In reality, and like most things in business or in life, it’s the ongoing execution, work, measurement, and improvement projects (which sounds remarkably similar to Deming’s Plan—Do—Study—Act cycle) that will yield better performance results as well as higher levels of employee engagement.

In fact, we have found engagement can be a bi-product of productivity, as opposed to the other-way-around, which is the more accepted ‘conventional wisdom’ opinion.

Thus, it is by taking a formalized approach to creating a workplace culture that is linked with team productivity, performance, and job satisfaction that an organization will achieve the fore-mentioned levels of performance gains, engagement, and talent retention.

In a white paper shared in the past, we described an approach that aligns nicely with the ISO 10018 People Involvement and Competence guidelines. It incorporates Continuous Process Improvement (CPI) as well as Continuous People Involvement (CPI), so we call it CPI².

ISO 10018 and the concept of CPI² will require a formalized plan for improving the work and the workplace… a formalized plan for helping people to achieve higher-levels of productivity and job satisfaction, which will yield better business performance as well as the “skyrocketing” levels of engagement we all strive to attain.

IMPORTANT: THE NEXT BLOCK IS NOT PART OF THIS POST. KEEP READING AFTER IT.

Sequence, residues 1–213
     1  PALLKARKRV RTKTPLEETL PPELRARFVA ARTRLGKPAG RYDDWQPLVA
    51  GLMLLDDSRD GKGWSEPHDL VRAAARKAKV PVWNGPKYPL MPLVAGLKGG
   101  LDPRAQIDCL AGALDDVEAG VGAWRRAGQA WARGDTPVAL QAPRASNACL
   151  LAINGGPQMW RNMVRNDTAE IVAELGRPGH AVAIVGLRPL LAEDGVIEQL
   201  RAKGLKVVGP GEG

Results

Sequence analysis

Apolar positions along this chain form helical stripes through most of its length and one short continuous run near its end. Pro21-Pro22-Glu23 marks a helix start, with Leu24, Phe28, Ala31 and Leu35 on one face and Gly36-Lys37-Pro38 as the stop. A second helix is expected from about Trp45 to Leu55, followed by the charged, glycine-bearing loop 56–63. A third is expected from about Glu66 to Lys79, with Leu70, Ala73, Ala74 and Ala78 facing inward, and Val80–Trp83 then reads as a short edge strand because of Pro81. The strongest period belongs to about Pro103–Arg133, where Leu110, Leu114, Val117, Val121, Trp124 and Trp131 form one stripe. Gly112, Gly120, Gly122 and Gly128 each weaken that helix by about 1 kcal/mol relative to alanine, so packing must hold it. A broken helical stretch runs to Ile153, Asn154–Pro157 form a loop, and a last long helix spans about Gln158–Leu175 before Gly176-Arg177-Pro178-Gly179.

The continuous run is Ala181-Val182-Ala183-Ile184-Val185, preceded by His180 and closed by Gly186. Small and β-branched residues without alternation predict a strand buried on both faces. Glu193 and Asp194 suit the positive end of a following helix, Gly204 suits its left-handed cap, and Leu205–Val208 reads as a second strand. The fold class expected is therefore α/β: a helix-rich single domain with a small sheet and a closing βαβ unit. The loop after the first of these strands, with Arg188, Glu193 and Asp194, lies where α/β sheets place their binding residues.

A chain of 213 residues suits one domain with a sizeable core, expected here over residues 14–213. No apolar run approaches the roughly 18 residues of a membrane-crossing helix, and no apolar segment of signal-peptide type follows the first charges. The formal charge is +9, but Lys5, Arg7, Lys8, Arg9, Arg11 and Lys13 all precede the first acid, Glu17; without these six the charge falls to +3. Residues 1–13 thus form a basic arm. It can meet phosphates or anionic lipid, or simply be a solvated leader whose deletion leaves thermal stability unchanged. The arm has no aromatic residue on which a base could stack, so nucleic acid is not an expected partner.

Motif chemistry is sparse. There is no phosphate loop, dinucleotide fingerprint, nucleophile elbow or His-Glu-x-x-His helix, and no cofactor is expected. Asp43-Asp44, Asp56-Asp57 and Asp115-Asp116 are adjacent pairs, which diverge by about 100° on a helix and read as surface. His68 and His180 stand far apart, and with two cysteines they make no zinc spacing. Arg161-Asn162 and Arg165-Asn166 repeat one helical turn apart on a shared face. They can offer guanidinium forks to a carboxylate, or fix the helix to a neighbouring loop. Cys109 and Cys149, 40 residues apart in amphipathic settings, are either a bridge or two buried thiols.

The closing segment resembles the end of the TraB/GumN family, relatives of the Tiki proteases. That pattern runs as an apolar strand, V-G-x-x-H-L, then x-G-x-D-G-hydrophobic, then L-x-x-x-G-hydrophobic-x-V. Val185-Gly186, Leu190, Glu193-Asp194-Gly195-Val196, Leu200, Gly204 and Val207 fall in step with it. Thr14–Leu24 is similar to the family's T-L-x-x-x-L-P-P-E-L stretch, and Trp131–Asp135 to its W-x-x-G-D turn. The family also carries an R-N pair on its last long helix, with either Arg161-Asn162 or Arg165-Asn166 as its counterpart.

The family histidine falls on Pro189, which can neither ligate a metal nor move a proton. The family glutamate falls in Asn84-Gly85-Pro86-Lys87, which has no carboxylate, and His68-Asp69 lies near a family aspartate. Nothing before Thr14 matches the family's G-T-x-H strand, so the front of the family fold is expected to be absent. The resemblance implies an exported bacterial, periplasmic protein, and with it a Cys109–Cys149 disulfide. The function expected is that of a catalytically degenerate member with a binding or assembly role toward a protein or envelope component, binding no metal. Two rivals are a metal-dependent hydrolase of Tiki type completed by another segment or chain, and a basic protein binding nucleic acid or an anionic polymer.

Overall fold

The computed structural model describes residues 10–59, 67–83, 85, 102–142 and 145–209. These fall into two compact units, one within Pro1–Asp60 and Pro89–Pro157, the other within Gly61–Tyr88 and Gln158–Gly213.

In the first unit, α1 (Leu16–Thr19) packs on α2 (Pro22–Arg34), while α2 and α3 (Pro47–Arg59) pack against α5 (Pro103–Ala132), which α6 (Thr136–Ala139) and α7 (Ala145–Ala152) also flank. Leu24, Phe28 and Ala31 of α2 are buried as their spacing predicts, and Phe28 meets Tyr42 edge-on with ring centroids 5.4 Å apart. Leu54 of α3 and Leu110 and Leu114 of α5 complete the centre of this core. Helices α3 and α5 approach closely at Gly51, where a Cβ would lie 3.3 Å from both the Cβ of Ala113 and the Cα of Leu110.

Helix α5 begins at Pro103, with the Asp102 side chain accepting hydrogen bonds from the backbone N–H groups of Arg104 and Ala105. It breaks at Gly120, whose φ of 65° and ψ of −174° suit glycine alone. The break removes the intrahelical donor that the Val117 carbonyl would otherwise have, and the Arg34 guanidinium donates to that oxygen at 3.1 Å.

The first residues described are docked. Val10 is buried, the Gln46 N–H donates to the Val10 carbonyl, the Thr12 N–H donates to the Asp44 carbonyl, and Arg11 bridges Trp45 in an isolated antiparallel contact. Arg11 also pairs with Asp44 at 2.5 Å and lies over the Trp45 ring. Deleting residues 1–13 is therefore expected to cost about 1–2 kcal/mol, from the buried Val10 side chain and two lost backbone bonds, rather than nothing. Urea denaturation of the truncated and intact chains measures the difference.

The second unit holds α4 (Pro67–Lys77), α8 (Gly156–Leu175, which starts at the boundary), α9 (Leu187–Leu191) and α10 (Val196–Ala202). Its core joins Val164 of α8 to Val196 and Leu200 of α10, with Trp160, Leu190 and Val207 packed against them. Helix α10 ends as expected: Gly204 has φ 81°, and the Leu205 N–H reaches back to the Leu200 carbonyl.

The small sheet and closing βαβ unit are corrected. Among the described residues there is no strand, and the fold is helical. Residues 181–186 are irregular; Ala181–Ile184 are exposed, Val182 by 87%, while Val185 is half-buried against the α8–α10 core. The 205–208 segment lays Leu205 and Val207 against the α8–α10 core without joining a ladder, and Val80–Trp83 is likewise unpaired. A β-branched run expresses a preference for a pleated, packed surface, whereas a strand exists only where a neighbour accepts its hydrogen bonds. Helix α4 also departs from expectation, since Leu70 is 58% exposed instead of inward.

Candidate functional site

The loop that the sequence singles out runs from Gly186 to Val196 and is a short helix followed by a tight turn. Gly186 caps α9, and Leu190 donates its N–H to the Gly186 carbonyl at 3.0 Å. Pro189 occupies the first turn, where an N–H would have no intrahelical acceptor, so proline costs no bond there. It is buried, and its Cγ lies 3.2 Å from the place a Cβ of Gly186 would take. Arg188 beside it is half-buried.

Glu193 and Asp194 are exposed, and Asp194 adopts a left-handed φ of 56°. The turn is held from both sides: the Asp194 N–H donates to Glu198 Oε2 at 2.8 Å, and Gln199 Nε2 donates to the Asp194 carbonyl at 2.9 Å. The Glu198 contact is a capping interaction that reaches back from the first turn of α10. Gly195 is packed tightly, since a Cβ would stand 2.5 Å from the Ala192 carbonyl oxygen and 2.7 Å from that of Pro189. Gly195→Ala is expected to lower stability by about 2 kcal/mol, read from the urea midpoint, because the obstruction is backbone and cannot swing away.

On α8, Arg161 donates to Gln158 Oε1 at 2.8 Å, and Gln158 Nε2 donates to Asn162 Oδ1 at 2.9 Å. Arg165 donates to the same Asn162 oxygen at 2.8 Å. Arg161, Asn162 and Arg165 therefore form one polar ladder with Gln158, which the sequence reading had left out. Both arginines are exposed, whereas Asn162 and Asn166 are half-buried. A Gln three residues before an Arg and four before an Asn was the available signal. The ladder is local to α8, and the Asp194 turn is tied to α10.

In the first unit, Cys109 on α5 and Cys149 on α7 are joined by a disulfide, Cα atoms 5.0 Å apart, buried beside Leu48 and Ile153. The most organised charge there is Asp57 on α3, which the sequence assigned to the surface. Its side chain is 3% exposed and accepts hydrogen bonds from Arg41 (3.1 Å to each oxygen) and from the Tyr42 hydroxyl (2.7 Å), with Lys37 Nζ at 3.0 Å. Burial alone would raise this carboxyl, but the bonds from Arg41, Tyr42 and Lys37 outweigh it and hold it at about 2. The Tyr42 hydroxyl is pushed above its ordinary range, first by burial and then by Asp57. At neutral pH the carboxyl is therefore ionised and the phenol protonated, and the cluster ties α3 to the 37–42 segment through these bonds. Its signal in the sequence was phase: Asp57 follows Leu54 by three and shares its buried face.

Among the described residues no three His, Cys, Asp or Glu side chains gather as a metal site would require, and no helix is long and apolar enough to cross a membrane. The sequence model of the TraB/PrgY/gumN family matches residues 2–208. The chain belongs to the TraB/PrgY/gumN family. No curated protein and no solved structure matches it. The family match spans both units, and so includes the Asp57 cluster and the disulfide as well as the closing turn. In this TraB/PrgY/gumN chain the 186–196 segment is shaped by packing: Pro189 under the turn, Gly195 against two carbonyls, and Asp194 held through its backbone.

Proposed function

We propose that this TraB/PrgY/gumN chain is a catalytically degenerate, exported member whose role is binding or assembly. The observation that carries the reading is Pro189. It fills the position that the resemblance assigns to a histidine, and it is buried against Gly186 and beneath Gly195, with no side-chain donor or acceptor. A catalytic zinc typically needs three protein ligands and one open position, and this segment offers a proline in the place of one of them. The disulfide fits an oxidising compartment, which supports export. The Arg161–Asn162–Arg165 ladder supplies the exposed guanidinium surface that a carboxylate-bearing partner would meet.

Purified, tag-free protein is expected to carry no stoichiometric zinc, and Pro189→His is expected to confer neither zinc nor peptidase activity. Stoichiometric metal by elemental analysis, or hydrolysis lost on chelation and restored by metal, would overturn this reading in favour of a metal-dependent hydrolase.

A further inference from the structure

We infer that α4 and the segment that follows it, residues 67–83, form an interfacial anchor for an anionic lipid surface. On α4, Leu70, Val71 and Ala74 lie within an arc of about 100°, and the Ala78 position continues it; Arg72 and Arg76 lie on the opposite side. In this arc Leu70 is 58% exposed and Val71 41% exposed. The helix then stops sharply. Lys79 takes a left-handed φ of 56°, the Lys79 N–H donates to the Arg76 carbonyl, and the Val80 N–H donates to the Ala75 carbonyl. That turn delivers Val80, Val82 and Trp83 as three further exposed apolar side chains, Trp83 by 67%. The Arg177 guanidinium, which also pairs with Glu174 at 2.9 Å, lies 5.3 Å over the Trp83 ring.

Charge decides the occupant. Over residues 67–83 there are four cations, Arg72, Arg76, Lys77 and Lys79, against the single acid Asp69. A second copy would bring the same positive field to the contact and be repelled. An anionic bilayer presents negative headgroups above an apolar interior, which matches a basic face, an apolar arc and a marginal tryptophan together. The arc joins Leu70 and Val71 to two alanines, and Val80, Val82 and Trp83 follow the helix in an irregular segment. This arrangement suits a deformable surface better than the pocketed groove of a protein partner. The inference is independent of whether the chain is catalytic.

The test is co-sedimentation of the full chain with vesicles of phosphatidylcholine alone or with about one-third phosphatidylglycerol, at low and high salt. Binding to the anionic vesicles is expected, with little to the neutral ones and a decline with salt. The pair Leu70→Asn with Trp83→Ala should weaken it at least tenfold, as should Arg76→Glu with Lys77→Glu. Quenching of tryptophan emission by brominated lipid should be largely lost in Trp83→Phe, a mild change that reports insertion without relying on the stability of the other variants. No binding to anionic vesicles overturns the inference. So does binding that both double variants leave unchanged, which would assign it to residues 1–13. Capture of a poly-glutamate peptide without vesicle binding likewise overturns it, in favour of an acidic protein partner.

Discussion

To achieve optimum results, a system for gathering, synthesizing, and analyzing data must be developed, followed by a rigorous method of priority-setting to decide what to work on.

People at all levels must be involved; they must be educated, empowered, and engaged so that the concept of improving both their work and their workplace becomes cultural, and so they become emotionally-invested in their work and workplace.

Supporting this perspective is research conducted this past year by Dale Carnegie and MSW Research, which revealed that although there are many factors that impact employee engagement, there are three key drivers: